Hire bikes… now a banned word within my family but I’m sorry Mum and Dad, I’m breaking the silence as we really do need to talk about how shoddy those bikes were. After one morning of failed Donkey bike hire (imagine if the Boris bikes had dropped out of school and gotten in with the wrong crowd… Bingo, you have Donkey bikes) we decided to cut our losses and hire bikes properly the next day. After traipsing around multiple hire bike places looking for that special Dibble price (cheap) we found what were to be our hire bikes for the day. Now these bikes were in no real shape to be on the road, but after having looked at multiple other places it seemed to be a recurring theme. We’re a friendly bunch but were not the most confrontational, so after we had picked up our bikes and found that one (Dad’s) was way too small we did the most British thing possible by keeping quiet and pretending it was all fine. Here’s a little check list of what you want to see in a hire bike (and what we pride ourselves at Bristol Bicycles).
What you want from a hire bike:
- Healthy-looking tyres
- no signs of rust
- trued and straight wheels
- brake pads with meat on
- a good lock
- gears that index.
Now here’s a check list of what you don’t want to see (and what I got):
- worn-out tyres
- not a spot left unrusted
- a visibly wobbly front wheel
- brake pads – what are they?
- a lock attached by a zip tie
- hub gears that can’t decide what gear they want to stay in.
In the shop every time we have hire bikes come back we do a good check over and test ride of every bike, even if it’s out for half a day. This really does help save the bike from getting any worse. This chap in Copenhagen was probably not checking his bikes very often. After we got back and explained the issues we found we were treated with a casual shrug and, “Well I wasn’t to know was I?” I’m not one to judge, but I think it may be his job to know. In all honesty we did manage to get a small refund, it seemed to change my dad’s mind and what was a terrible hire bike became a bargain day ride. At least one of us was happy.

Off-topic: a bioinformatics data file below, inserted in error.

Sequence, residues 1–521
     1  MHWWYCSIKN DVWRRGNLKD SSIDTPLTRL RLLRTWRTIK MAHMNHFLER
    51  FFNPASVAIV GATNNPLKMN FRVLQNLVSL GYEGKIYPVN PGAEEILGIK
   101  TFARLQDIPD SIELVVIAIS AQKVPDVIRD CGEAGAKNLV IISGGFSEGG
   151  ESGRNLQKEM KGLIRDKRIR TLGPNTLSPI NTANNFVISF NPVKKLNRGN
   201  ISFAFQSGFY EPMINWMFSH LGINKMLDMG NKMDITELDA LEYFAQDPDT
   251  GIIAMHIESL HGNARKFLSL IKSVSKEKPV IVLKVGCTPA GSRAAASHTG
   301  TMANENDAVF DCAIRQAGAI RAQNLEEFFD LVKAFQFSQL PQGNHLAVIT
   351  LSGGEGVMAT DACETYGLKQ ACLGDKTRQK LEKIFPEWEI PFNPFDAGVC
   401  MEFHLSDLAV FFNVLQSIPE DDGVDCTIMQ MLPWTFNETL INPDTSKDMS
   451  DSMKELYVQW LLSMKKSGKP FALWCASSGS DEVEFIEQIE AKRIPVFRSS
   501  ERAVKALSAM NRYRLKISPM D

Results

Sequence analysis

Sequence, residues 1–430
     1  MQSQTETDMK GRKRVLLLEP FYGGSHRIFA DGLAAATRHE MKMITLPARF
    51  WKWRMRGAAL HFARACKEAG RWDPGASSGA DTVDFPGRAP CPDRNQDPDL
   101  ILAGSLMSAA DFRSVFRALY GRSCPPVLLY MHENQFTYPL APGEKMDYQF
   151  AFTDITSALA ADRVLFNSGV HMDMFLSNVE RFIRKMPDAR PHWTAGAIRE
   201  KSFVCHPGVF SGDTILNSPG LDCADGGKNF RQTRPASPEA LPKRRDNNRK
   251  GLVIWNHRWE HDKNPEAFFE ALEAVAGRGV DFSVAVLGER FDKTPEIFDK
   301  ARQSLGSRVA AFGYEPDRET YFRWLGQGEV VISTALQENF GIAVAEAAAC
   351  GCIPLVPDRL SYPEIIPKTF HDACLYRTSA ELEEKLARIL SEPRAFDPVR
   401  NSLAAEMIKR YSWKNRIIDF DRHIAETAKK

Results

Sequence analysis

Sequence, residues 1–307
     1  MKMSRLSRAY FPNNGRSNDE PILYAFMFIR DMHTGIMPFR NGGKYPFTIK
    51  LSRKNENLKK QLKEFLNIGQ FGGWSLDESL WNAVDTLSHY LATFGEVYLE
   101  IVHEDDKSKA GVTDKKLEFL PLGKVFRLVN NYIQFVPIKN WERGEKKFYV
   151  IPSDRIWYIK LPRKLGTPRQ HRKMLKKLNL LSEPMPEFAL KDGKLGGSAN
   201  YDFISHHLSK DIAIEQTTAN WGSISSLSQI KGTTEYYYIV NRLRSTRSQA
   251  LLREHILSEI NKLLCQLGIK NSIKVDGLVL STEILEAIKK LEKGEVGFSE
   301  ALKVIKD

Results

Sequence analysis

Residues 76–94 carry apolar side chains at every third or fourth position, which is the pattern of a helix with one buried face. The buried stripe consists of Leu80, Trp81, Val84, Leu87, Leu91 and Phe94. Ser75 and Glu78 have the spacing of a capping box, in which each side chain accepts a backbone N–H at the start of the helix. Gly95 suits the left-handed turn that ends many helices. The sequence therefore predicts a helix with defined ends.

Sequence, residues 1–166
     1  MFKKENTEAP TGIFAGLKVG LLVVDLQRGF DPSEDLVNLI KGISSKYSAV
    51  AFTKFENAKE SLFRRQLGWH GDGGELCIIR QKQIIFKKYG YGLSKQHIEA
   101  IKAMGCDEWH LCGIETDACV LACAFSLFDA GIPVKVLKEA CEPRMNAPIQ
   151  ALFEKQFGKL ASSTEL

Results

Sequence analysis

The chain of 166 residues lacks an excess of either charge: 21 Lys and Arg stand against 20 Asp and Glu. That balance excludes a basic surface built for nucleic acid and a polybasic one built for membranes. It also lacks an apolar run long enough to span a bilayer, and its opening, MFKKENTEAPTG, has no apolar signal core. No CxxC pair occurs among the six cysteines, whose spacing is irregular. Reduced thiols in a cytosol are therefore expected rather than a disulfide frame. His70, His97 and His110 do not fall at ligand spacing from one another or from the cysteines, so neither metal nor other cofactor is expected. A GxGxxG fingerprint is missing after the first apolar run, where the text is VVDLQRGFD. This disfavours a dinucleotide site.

I must admit I did enjoy my bike by the end of the day. The hub clicks became part of the charm, and I was starting to ease into the mix of upright ride position with a back pedal brake. I must come back to Denmark on my own bike though, maybe that’s the next tour. In conclusion, is Copenhagen the cycling city its cracked up to be? Well yes, of course. The bike paths are amazing, the flat roads are a breeze, and the general acceptance of bicycles makes it perfect. Not all bikes are built equal and Copenhagen seems to be full of some scary and cheap builds. I’m probably just being a bit of a snob, but it seemed that bikes had become so big in their culture that they really aren’t anything special, yet at the moment in the UK it can often feel like you’ve found a life hack when you start enjoying your bike commute. Also, sort your hire bikes out!